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John, What do you mean by thinking into the muscles?
 
 
John Peterson John Peterson is offline
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03-06-2010, 04:01 PM
 
Hey Friends,

We have quite a number of new friends and one of them sent me an e-mail asking a very straight forward question, "John, What do you mean when you say to "think" into the muscles? I'm trying to understand exactly what you mean when you say that. You make it sound as though that is more important than the exercise itself. Please help me to understand." R.N.

Well friends, this is a great question and I have answered it before or variations of it. To answer it now I am going to use examples from Maxick's 1911 classic, "Muscle Control" and George Jowett's, "The Unrevealed Secrets of Man"

First Maxick,
HOW MECHANICAL EXERCISE MAY HINDER MUSCLE-DEVELOPMENT

"One day I was watching a journeyman filing metal. I fell to wondering vaguely why it was that his arm and deltoid development was so small in comparison with that of the rest of his body, knowing, as I did, that the man had worked at the bench for years. Surely, according to accepted theory, it was just these parts which should be the more developed considering the nature of his work!
I was so interested in this case that I began to take careful note of other workmen; and my observations at length convinced me that mechanical exercise will not increase bulk of strength beyond a certain degree.
I found out later by experiment that mechanical exercise will only produce good results if interest is directed to the muscles being used. If the mind is directed only to work being performed, a certain point of muscular resistance is reached; but there it stops. To secure full benefit from the exercise it is essential that the mind be concentrated on the muscles, and not on the work performed."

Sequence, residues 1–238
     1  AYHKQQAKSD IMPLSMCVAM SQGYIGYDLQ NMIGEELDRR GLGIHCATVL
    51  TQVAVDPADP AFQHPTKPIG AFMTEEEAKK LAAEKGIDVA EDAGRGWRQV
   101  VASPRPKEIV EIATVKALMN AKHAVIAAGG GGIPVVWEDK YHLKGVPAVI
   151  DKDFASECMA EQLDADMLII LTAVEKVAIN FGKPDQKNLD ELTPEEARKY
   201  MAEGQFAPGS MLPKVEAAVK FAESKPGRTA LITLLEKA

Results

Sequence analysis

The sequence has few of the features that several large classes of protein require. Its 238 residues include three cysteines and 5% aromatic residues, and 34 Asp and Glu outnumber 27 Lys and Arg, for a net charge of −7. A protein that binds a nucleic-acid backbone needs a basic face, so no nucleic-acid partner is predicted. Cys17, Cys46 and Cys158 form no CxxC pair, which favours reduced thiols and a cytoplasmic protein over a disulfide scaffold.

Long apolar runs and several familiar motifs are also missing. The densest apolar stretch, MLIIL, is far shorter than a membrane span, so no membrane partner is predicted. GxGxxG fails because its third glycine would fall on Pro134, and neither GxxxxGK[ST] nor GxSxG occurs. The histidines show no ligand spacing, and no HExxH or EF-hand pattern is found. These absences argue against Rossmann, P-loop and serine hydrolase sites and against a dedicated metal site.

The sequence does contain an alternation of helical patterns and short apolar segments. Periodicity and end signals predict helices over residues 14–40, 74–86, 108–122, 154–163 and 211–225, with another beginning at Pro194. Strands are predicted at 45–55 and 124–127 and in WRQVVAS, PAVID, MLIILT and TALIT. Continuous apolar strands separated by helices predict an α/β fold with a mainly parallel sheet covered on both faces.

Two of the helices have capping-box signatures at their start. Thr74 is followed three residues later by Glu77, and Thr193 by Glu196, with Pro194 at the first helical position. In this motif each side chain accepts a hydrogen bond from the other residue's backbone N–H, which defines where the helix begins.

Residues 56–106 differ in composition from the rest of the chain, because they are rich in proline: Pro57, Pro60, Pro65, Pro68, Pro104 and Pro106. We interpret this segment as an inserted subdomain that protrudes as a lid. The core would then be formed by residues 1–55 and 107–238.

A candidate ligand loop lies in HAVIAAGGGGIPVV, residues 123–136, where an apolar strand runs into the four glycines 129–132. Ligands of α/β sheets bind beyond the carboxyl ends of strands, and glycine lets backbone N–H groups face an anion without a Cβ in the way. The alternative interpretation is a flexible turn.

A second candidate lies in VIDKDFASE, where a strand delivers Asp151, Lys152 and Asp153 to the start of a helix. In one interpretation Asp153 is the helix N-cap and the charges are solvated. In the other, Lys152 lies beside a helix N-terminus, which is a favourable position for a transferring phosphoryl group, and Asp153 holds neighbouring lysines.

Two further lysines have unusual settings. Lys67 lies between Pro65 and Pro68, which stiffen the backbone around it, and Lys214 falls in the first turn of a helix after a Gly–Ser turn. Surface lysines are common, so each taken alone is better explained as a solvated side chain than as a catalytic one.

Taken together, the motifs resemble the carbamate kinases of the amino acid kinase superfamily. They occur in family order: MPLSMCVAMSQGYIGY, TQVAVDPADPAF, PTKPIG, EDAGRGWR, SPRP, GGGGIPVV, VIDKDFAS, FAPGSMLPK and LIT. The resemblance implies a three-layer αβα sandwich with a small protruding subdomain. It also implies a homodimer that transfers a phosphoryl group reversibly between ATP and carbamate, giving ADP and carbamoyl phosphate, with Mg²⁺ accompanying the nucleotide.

Maxick then related,
THE CASE OF THE STONEMASON

"Instances by way of example may be given by the hundred. Take the case of the stonemason, who has to use a hammer or mallet for many hours daily, during which thousands of blows are struck, and the shoulder and arm have to bear the weight, as well as use the mallet.
Now, according to the theories enunciated by many teachers of physical culture, the greater the number of repetitions performed of one exercise, the greater the development of the muscles employed. But here is a flat contradiction of these theories, for it will be observed that the majority of stonemasons do not evince anything exceptional in the way of arm and shoulder muscle development.
And the explanation? Perfectly simple! The stonemason’s mind is necessarily concentrated upon the work before him, and he pays little or no heed to his muscles."

Now lets consider George F. Jowett, In his book The Unrevealed Secrets of Man, which was published in 1928, Jowett stated the following, which is totally in sync with what Maxick stated above: